>Plainsboro and West Windsor show 22 and 29% drop in Median sale price..these towns are known for their good schools..

  229. njpatient says:

    (1) Essex (180): “saavy buyers can find deals even in the most competitive bloated markets. I did.”

    (2) Essex (197): “Uh, for the record…I bought in 02…charmed the seller…”

    (3) Essex (212): “I see 05 as the peak”

    If (2) and (3) are true, then (1) cannot be true.

  230. James Bednar says:

    Rich,

    You must be making those up, surely nobody who owned a “million dollar Bergen County” home would ever sell at a loss.

    jb

  231. njpatient says:

    #229
    here’s your source
    http://www.nj.com/news/bythenumbers/

  232. njpatient says:

    #228 Rich
    Like renting, with risk!
    (can’t remember who I stole that from, but too funny not to repeat).

  233. Essex says:

    Geezus patient….why the heck not??? Look, I saw a bunch of properties….liked some, hated most. Saw the one I have now, the seller and I hit it off…She was 93 years-old and was sick of people coming through her house criticizing it and so forth…I made a comment that was simple and positive. We sat down and chatted a while…she called my realtor…told him she wanted me in the house….actually reduced the price by $10k and refused to accept any bids…..we took a coventional mortgage and moved in a month later….she was an awesome gal….you on the other hand I am not so sure about.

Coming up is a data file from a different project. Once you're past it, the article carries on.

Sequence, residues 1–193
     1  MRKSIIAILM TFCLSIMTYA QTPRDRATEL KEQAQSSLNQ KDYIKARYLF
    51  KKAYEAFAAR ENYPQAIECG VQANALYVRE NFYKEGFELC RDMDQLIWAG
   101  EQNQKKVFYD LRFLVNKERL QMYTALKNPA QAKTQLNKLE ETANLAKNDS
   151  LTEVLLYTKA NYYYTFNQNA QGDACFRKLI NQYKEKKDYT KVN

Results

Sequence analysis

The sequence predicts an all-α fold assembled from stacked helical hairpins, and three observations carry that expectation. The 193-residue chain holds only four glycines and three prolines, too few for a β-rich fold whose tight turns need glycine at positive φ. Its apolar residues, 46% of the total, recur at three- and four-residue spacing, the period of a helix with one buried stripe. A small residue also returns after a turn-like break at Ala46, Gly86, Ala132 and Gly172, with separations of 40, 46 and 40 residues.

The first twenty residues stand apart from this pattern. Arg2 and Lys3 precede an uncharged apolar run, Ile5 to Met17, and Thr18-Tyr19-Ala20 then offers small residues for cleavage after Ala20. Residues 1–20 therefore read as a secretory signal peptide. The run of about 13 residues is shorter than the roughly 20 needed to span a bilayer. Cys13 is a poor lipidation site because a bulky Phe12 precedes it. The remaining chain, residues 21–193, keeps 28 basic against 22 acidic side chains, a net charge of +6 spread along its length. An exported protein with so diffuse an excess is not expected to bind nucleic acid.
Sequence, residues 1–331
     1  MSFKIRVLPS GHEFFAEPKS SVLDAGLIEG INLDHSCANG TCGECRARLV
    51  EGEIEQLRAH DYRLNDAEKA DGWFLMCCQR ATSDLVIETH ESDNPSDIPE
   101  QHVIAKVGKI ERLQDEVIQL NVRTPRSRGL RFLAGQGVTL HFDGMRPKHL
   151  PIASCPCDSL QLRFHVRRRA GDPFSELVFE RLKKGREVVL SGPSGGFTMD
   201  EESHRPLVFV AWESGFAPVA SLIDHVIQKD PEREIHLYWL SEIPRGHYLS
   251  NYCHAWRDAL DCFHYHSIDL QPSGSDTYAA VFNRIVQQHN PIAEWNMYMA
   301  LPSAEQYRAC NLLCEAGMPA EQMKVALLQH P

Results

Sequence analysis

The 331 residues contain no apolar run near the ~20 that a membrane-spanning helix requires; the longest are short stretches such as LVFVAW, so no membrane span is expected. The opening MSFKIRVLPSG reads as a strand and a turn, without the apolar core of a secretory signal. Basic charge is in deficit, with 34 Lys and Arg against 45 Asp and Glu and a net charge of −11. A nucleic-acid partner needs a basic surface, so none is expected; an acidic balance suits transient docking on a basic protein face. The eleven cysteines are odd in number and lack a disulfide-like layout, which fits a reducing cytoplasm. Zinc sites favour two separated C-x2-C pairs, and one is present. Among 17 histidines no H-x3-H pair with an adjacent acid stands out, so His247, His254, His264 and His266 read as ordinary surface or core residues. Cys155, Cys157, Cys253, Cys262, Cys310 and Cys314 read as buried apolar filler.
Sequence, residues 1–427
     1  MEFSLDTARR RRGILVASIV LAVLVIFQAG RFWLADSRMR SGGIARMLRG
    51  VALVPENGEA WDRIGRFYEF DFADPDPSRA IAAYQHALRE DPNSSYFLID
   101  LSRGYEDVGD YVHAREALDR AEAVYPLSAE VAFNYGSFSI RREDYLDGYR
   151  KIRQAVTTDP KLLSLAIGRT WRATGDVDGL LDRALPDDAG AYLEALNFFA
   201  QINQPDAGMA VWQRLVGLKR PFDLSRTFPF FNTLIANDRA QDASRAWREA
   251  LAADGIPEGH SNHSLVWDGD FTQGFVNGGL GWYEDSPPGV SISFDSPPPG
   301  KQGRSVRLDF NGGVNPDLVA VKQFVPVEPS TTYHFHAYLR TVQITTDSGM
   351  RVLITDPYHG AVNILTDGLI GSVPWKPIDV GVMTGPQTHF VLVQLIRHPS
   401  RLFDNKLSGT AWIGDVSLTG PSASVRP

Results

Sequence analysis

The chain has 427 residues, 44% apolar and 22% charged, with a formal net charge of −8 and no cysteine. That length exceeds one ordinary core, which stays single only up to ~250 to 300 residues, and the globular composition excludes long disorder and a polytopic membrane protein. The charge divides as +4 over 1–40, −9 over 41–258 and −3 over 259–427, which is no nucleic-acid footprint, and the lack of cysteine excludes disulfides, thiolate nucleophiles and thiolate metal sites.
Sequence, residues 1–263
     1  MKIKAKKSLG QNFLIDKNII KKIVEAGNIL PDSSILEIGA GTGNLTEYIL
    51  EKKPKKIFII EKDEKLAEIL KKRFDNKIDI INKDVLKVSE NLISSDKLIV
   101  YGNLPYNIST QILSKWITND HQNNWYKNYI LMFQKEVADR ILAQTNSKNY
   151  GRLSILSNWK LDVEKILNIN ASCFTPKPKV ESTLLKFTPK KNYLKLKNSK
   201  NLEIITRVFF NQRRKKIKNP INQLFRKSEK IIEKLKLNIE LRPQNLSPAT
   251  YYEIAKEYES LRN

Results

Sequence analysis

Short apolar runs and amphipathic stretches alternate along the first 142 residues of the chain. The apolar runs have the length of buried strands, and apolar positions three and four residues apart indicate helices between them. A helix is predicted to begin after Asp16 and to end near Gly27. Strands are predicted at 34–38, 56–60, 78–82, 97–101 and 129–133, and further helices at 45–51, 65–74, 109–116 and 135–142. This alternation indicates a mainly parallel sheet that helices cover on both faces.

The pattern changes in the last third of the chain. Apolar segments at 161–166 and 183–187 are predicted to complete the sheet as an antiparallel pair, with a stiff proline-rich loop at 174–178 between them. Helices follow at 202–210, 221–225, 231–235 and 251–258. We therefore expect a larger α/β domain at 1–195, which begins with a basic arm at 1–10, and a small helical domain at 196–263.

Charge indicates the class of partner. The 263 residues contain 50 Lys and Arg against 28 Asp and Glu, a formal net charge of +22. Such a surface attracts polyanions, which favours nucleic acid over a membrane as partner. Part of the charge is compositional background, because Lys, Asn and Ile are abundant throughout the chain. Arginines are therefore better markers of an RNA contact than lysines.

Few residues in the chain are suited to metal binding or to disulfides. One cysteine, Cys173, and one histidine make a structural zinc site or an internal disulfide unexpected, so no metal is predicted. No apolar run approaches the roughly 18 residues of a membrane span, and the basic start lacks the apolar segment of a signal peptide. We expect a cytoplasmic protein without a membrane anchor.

234. Rich In NNJ says:

    When touching his long and neat beard, he certainly thinks of those bag holders who hold their bags tight and cut their grasses more often than he cuts his beard.

    What?
    Can you break down the meaning of that for me Shakespeare?

  235. bi says:

    232#, you are right. your patience finally paid off. give them a lowball with this table.

    Year Sales Median. Price (000s)
    2000: 499 $272 Change
    2001: 400 $320 17.6%
    2002: 462 $355 11.0%
    2003: 462 $389 9.7%
    2004: 566 $430 10.3%
    2005: 493 $502 16.9%
    2006: 415 $545 8.6%
    *2007: 19 $385 -29.4%

  236. Essex says:

    Rich, my guess is the guys in their cubicles are all frustrated playrights?

  237. Essex says:

    make that playwright….for my little buddy with the calculator

  238. skep-tic says:

    They could do a bailout in a lot of diff’t ways. One way might be to order the GSEs to offer low fixed rate loans to homeowners who demonstrate need

  239. James Bednar says:

    Essex,

    You purchased in 2002, did you not?

    jb

  240. HEHEHE says:

    I wonder where all the yelling and screaming in Congress was when the same deadbeats were getting evicted from the apartments they were renting before the bubble. Gimmee a break Schumer.

  241. Essex says:

    yes jb 02….

  242. HEHEHE says:

    The last I checked there was no constitutional right to a good credit score in this country.

  243. chicagofinance says:

    Essex Says:
    August 29th, 2007 at 5:01 pm
    Yes, I am bullish on housing….I believe that it is a shakeout now….that things are tough based on banks/mortgage brokers and this is adversely affecting the market. I am ‘entertained’ by the board and it’s various naysayers and doomsday theorists….these same people probably have 6 months worth of canned goods in their basements

    Essex: I think you are a little ignorant of the group here. Further, you may also be arbitrarty in your views of the overall market that exists currently.